In advanced heart failure, often the only options are a heart transplant or the implantation of a left ventricle assistive devices (LVAD) to mechanically pump the blood. But Vaidya had another idea.

Milrinone is an intravenous drug used to treat heart failure by increasing heart muscle strength and widening blood vessels. It is administered through a peripherally inserted central catheter (PICC) line, which allows the drug to be administered through veins close to the heart.

“Dr. Vaidya saw me in December and wanted to admit me right away to get me started.” Allen said. “I fought with him, because I realized I was dying, and this was going to be my last Christmas with my kids. So he said, ‘Okay, come in on Dec. 27.’”

Allen spent 15 days at the University of Kentucky Albert B. Chandler Hospital, not just getting the PICC line placed, but also getting evaluated for a heart transplant.

“That was on the 28th,” he said. “On the 29th, I was up moving around, walking on my own, feeling pretty decent. I had newfound energy. I actually walked so much that I didn’t run out of breath. My legs had turned to Jell-O because I hadn’t walked that much in forever.”

Allen was discharged and continued to get stronger at home.

“It was the first time in two-and-a-half years that I could walk up my stairs and not have to stop when I got to the top,” he said. “That was the first thing I noticed.” A month later, he was able to walk his six dogs to their dog run at the top of the hill on his property. Allen returned to work as a manager at Wal-Mart, walking more than 20,000 steps a day and supervising 40 people. It was at work when Allen’s newly restored stamina was put to the test.

One of Allen’s coworkers collapsed – Allen knew right away it was a heart attack. He instructed another coworker to call 911 while he hurried across the store to help.

“My instincts were to get over there immediately,” Allen said. “I full-on sprinted. A year ago, that would have flat-out killed me. It was probably the first time in five years I sprinted. When I got over there, my heart felt good. My knees felt like crap.”

“He told me he had tears in his eyes when he got there, when he realized what he had done,” Vaidya said. “He ran for a few minutes when a year ago, he couldn’t walk the same distance without having to stop.”

Allen was feeling so good on the milrinone that Vaidya wondered if Allen had recovered enough of his heart function to discontinue the medication. After three weeks of stopping the medication, Allen felt as bad as he did before he started milrinone. His symptoms returned to the point where he couldn’t make it through a full shift at work. He resumed the milrinone treatment and was back to his normal self in just a few days.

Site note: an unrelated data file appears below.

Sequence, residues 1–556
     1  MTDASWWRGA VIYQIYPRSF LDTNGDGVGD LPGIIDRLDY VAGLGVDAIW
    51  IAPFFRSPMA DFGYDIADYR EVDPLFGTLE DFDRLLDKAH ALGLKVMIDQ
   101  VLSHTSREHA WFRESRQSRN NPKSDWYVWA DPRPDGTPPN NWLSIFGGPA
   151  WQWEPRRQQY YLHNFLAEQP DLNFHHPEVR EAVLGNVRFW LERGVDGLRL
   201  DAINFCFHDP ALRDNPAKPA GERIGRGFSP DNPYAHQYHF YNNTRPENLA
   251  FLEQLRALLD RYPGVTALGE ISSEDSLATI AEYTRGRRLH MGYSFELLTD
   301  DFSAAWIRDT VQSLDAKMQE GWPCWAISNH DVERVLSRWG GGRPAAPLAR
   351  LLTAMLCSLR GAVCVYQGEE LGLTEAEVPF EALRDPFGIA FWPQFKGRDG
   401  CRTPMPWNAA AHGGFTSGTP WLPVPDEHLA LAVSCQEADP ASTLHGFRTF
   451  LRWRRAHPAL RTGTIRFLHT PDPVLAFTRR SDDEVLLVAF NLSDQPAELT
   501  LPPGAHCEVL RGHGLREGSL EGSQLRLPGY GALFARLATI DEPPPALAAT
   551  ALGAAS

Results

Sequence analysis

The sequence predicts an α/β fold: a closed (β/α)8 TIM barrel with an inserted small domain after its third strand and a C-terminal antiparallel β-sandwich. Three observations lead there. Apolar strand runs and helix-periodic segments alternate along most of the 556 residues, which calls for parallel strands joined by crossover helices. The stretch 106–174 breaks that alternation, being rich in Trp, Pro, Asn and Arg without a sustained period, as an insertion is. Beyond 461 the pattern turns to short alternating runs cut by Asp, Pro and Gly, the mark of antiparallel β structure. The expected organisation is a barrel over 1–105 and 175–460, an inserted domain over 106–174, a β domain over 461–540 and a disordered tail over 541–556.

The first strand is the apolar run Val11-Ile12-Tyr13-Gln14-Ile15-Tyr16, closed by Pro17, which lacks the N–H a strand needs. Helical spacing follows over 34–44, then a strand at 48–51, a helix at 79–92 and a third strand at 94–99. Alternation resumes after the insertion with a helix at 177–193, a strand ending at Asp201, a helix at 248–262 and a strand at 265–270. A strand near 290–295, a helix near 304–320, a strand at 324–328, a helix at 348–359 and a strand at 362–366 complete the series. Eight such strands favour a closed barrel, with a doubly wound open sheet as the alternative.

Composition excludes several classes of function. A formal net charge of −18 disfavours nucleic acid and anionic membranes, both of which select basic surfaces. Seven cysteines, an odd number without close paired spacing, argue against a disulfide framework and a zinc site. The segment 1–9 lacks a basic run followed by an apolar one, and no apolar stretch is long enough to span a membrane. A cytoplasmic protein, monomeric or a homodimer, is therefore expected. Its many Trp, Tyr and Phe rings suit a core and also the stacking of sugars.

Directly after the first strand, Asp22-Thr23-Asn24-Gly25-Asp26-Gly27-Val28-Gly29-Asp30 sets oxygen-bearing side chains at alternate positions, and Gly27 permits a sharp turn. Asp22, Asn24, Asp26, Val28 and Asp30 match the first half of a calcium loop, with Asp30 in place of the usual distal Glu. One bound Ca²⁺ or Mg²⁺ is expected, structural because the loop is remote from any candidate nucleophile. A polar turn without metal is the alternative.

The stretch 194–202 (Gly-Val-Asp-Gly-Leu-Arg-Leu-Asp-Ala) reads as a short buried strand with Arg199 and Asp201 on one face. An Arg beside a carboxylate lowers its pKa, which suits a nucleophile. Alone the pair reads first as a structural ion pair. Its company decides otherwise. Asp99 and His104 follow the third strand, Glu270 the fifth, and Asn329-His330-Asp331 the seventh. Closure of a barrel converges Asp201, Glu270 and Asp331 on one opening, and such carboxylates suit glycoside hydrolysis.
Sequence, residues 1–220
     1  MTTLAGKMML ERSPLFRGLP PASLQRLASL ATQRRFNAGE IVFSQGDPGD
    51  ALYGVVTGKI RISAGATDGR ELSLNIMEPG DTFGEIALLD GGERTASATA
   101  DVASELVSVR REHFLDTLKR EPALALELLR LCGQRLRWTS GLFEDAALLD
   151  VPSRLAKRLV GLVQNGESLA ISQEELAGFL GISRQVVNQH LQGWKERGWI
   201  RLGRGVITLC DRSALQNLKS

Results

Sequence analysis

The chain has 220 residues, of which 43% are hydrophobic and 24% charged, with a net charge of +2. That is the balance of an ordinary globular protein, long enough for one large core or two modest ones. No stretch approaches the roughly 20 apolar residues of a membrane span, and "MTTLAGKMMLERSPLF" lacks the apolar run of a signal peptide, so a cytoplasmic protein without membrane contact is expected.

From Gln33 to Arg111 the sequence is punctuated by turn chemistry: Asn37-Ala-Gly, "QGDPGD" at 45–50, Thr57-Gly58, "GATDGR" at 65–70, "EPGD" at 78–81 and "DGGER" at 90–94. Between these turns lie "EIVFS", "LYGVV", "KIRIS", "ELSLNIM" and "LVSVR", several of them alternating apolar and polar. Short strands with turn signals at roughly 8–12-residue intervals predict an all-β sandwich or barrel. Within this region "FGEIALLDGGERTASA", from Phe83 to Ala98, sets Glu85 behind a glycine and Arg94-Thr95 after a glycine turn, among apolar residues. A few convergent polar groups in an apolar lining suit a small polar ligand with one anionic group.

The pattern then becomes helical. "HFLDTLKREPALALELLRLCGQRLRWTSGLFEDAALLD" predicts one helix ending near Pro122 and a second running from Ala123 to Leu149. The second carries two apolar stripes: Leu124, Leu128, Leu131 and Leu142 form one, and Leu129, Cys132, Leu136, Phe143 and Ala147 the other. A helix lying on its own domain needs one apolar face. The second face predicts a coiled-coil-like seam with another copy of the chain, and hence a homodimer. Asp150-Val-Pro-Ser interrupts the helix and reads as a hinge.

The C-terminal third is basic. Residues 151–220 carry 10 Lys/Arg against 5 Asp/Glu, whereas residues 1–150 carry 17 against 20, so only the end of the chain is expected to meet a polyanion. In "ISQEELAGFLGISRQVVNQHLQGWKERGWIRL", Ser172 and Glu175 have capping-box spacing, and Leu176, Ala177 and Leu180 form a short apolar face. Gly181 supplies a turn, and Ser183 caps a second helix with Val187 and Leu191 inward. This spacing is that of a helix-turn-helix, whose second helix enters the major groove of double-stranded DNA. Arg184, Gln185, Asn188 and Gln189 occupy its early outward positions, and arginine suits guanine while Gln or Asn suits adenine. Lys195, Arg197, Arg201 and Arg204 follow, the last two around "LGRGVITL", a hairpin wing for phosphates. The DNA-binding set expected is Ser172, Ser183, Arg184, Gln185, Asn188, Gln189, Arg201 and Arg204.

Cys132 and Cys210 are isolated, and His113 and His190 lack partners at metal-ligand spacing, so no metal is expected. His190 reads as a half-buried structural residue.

“People can stay on the medication, but it’s a means to get somewhere – it’s never the end,” Vaidya said. “At some point, he will need a heart transplant or an LVAD. But he’s not ready to think about that because he feels his life at this point in time is exactly where he wants to be.”


Allen considers Vaidya and his heart failure coordinator Krista Lewis to be close friends. He looks forward to his follow-up visits with them every three months and knows that if he ever has any issues, they’re just a phone call away.

“Dr. Vaidya’s funny,” Allen said. “He likes to laugh, he cracks jokes. That’s some bedside manner that some other doctors need to learn. Talk to your patients if you’re going to be this intimate with them. He’ll ask me about the dogs. He’ll remember other things going on in my life, like how my daughter’s band did in competition. We have a good time.”

Allen is back to work full-time while also enjoying spending time with his girlfriend and his daughter. Weekends are spent at car shows and festivals. When his family is tired and ready to go home, Allen is just getting started.

“I wish you could see the change in me,” Allen said. “Dr. Vaidya and Krista have seen it. They’ve seen the positivity come back to my attitude. I’ve dropped 30 pounds and gained a ton of muscle. I’m healthier, I’m fitter. I feel better than I have in over a decade. I didn’t feel this good before the heart problems started. I’m fully confident that if we went to the Smoky Mountains, I could hike the trails again. I haven’t been able to do that in a very long time. Not without wanting to die halfway through it.”

A year ago, Allen wasn’t thinking about his future – because he didn’t think he would have one. Now, he still isn’t giving the future much thought, but that’s only because he’s enjoying the present. He credits Vaidya with giving him a second chance to spend time doing the things he loves with the most important people in his life.

“I smile a lot all the time now,” he said. “I run around joking with people. Dr. Vaidya didn’t just prolong my life, he gave me my life back.”

UK HealthCare is the hospitals and clinics of the University of Kentucky. But it is so much more. It is more than 10,000 dedicated health care professionals committed to providing advanced subspecialty care for the most critically injured and ill patients from the Commonwealth and beyond. It also is the home of the state’s only National Cancer Institute (NCI)-designated Comprehensive Cancer Center, a Level IV Neonatal Intensive Care Unit that cares for the tiniest and sickest newborns, the region’s only Level 1 trauma center and Kentucky’s top hospital ranked by U.S. News & World Report.

As an academic research institution, we are continuously pursuing the next generation of cures, treatments, protocols and policies. Our discoveries have the potential to change what’s medically possible within our lifetimes. Our educators and thought leaders are transforming the health care landscape as our six health professions colleges teach the next generation of doctors, nurses, pharmacists and other health care professionals, spreading the highest standards of care. UK HealthCare is the power of advanced medicine committed to creating a healthier Kentucky, now and for generations to come.